This week we’re pleased to present two creative writing pieces coming out of the Sunday creative writing sessions. Thank you to both Jennifer Cornick and Marianne Graninger for sharing their writing with us.


The Kiss

By Marianne Graninger

beach-clouds-couple-415351

Kiss me like a stranger,
like we’ve never met before.
Kiss me just this one time
and let it lead to more.

Let’s meet in a bar,
in a pub or on the street.
Meet me for the first time
and fulfil my need.

Wrap your arms around me
and feel my pounding heart.
Act like it’s the first time,
like we’re right at the start.

Electrify my senses
with the touch of your lips
Make me feel all dizzy
by resting your hands on my hips.

Lay your hand on my back
and slightly stroke my hair,
Pull me even closer
and feel my longing despair.

Let’s dive into the passion
and touch with trembling hands
Let’s revive our love
and give it one last chance.

Writing prompt: Kiss me like a stranger.


The Second Hand Book

by Jennifer Cornick

blur-book-casual-1097177Photo by andres chaparro from Pexels

The booked smelled old, the kind of age which librarians and avid readers love, aging glue, brittle paper, and cotton threads.  The corners of the burgundy cover frayed and blunted with age.  A subscription library replaced the frontispiece and bound in a friendly greeting to the reader.  More than one hundred years of handling made for a fragile thing. 

The book itself was odd, a meditation on mortality by a physician in the time of the great philosophers.  When everyone could lay claim to be one or the other, or both.  The book attempted to do for medicine and natural philosophy what Kant had done for empiricism and classical thought.  Whether he was successful or not was up to countless readers to judge. 

The book had spent years in a travelling subscription library, this specific one having travelled through the south of France from Paris, visiting towns and villages where there were no bookstores and no libraries not locked up in manor houses, behind mazes and shrubberies.  In each stop, the heavy wagon would stay no longer than a few weeks before moving onwards.  This was a lonely life for an enterprising young man looking to make a fortune.  His hand caressed the fingers of every young lady with morbid curiosity to whom he passed the book.  His every flirtation ignored.  Passed over for permanence despite his charm, sonorous voice, and physical attractions.  As years passed, he became lonelier and paid for the pleasure purposeful flirtations would not avail him.  He sold the collection to pay for mercury baths.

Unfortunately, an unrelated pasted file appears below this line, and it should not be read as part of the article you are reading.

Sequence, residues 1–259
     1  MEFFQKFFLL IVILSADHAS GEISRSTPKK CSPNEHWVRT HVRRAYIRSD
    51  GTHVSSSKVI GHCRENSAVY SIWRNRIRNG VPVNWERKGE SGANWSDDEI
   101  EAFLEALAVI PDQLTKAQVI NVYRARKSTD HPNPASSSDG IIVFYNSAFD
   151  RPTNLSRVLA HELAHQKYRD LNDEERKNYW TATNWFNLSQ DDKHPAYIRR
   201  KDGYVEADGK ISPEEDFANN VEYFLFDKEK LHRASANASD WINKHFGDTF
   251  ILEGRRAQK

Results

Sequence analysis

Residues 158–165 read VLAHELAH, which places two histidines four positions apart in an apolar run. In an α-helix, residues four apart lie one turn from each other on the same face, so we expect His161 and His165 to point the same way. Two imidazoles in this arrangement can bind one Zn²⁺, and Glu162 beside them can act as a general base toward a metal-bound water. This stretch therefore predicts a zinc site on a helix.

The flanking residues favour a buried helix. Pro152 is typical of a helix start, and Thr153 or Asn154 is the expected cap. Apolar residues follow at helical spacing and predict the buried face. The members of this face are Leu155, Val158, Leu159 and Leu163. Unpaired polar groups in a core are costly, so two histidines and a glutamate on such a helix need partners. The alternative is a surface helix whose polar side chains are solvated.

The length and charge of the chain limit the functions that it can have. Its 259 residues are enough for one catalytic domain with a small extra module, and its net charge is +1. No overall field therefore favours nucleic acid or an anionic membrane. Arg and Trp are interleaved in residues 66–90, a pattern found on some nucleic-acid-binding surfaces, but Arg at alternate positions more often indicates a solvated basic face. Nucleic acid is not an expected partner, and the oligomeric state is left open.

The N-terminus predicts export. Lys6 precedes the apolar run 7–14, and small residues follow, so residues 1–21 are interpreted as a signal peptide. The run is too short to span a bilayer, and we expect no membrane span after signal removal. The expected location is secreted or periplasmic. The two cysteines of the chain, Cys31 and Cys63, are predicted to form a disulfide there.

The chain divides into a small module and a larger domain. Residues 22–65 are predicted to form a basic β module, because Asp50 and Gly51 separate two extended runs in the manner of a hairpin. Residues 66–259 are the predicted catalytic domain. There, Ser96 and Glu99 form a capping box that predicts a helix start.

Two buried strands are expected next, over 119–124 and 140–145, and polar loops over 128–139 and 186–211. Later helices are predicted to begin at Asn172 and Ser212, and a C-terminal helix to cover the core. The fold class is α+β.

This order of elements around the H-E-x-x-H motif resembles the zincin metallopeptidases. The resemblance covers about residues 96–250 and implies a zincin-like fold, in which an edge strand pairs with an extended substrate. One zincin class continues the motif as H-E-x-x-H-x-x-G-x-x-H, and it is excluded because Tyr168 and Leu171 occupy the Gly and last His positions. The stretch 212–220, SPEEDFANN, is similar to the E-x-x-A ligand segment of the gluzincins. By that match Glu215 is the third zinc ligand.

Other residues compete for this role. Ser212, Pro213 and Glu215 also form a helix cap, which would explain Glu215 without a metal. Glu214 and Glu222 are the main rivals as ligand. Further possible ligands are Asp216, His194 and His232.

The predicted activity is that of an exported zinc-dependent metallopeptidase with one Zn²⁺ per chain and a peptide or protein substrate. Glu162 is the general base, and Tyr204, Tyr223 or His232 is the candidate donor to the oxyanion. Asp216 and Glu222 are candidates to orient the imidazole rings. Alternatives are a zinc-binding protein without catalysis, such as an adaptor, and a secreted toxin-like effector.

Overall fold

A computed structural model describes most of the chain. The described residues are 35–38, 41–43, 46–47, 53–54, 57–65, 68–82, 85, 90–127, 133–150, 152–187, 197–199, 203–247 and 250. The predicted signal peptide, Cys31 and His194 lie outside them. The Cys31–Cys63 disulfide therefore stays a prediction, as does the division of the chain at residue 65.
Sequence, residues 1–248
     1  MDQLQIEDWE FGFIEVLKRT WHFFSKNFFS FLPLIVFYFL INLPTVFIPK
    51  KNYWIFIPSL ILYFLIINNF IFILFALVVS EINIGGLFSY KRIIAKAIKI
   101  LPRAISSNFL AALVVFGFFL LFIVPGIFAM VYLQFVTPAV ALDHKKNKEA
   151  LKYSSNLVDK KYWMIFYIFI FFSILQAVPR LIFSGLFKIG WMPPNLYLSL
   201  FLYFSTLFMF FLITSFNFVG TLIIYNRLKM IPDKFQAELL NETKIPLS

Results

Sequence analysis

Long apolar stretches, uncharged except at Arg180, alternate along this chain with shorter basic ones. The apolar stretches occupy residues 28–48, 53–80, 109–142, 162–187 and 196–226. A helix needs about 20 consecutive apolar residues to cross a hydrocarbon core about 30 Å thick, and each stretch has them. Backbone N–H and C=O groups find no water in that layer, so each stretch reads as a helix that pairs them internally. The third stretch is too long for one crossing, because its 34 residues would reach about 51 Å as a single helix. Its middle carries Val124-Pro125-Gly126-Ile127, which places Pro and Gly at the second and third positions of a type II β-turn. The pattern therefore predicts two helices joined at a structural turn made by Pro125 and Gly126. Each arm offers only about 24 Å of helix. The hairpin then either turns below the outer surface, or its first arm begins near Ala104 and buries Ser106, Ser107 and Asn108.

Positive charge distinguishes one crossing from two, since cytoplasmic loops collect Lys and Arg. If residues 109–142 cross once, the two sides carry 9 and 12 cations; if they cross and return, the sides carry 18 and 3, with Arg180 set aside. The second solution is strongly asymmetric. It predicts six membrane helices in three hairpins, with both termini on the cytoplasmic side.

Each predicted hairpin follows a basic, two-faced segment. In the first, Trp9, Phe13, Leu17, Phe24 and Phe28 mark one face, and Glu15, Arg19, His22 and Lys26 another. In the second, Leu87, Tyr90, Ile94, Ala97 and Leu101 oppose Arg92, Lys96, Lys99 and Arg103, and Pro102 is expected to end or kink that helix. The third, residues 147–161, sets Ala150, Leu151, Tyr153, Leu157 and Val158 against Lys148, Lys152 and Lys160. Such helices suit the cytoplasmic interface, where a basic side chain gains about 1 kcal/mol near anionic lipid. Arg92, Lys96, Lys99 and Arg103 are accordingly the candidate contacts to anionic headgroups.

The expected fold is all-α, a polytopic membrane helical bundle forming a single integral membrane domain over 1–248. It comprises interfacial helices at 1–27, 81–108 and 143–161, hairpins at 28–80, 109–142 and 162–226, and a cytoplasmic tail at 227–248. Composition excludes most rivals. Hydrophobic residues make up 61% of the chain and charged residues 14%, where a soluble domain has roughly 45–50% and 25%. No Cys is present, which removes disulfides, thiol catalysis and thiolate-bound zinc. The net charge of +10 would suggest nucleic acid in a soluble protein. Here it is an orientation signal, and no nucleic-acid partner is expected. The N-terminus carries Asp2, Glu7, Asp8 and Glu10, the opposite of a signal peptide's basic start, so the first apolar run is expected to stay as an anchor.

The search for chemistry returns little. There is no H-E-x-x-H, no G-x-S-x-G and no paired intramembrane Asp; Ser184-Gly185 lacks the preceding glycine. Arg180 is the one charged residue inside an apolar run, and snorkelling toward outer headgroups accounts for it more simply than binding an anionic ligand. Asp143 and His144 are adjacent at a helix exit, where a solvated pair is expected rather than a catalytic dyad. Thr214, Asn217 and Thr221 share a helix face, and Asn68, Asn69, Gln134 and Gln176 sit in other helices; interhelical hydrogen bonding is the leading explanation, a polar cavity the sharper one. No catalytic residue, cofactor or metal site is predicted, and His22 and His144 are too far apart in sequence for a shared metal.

A private collector purchased the entire stock of the subscription library to immediately build and present the perfect middle class library in his house in Lyon.  It did not matter if there were duplicates in the collection, he would never know as he would never read them, not a single one.  The books would sit on the shelves, untouched for two generations, until a toddler pulled out the burgundy book.  The boy’s feet turning purple under his body weight as he crumpled a page and chewed a corner only to have his mother pull the book away and explain its dirtiness and unworthiness as a toy. 

This early interaction with books caused a short but lifelong disdain for the written word.  He sold off his grandfather’s collection, the pride of the home and the seal of their middleclass status, to a book dealer in Marseille for some easy coin to buy a necklace.  The necklace was carefully secured to the woman who would be his wife.  She would run off to Italy with her lover after the birth of their second daughter.  He would later shoot himself in what used to be the library, leaving behind the legacy two embarrassed children caught in a scandal not their own and an unwanted gift. 

The bookseller would slowly dismantle the collection, selling a volume here or there to interested parties.  No one wanted the small burgundy book.  He died alone on a battlefield far from home.  His small shop in Marseille was ransacked during the occupation.  Valuable volumes packed in crates and shipped far away, to be stored deep below the earth in salt and copper mines.  Again, the burgundy volume was left behind, not valuable enough. 

A father and son, looking for anything to sell in the wake of war, shuffled through abandoned places.  The occupation had burned so many things on the way out.  In the burnt timber and ashes small hands shift and pull, grasping the book.  It is not anymore damaged than it has been.  He proudly presents it to his father to sell for shoes and food.

The book is sold, to the lonely young woman in the manor on the hill.  She shows her latest acquisition to anyone who will listen and look.  It still smells of fire and sorrow; of ash and sadness.  She finds solace in books and her growing library.  Her husband has a lover and two plump and pink children in the village.  His absence a constant reminder of what she failed to provide him.  She reads and learns and cries herself to sleep in a silk upholstered chair surrounded by her precious books. 

The lonely woman’s husband has died, but before his death he insisted she promise to take in his lover, her children, and grandchildren.  They are not allowed to evict her nor she them.  They live uncomfortably, she in the library and them everywhere else.  The smallest girl plants a garden outside the window; an enticement into the light and an invitation to share, at least in the summer weather, the precious words, garden blossoms, and light.  And soon, the little girl will live everywhere and the burgundy book will remain hers. 

 

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